While red cedar seems to have about the best strength to weight ration of the readily available woods, not all red cedar is equal in weight, so suggestion #1 is to look for light weight boards from which to mill your strips.
Use spruce or similar for gunwales instead of hardwood.
If the canoe will be used with reasonable care, use 4 oz cloth instead of the more common 6 oz. Double the cloth on the outside of the hull in the "football" area. A 2nd layer "football" on the inside would add to the strength at minimal additional weight.
Do not fill the weave on the inside of the canoe. The extra coats of epoxy, necessary to fill the weave add minimal strength but do add to the weight. An added benefit is that a little "bite" on the inside of the hull keeps things from sliding around too much.
Adhere the gunwales with epoxy in place of screws.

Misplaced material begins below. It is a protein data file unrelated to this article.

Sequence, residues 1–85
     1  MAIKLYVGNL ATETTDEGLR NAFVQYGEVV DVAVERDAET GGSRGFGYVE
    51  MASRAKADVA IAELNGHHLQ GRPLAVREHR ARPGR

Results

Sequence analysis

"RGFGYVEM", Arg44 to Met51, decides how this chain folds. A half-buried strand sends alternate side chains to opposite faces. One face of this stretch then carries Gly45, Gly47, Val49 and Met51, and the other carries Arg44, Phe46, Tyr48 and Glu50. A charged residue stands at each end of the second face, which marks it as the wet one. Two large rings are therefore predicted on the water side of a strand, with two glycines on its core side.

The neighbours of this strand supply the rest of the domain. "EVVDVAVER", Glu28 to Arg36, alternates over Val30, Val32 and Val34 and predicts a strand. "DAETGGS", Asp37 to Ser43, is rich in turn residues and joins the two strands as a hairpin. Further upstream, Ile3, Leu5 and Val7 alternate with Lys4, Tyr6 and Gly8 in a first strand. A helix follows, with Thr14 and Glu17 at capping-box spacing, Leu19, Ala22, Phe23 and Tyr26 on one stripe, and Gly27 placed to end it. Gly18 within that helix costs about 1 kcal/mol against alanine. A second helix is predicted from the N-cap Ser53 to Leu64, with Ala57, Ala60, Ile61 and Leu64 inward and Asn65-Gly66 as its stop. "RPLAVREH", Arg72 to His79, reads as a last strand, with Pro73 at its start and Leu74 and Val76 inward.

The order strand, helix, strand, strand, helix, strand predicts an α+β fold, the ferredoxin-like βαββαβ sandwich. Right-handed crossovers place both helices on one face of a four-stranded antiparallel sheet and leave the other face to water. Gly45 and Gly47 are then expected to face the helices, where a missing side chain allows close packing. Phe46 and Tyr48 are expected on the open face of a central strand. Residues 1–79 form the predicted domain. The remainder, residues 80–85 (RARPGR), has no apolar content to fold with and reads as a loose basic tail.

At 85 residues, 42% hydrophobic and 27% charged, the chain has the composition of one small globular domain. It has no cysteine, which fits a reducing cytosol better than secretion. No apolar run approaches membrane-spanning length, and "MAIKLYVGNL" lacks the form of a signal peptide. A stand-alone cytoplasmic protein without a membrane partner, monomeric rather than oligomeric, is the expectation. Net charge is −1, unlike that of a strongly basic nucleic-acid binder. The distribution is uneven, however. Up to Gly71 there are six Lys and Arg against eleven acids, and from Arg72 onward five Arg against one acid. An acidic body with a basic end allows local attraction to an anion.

Keep the decks small and thin or use carbon fiber decks or skip the decks altogether.
Most strip canoes that I've seen have overly robust thwarts. Sometimes that's the case with seats as well. However, don't skimp on the seat frames if the likely paddler is on the robust side.
Whip the epoxy in a blender, while infusing helium ...Just Kidding
Dogpaddle Canoe Works
Custom Canoe Paddles and Woodstrip Canoes
Canoe/Kayak Storage Racks
Dock & Launch Systems
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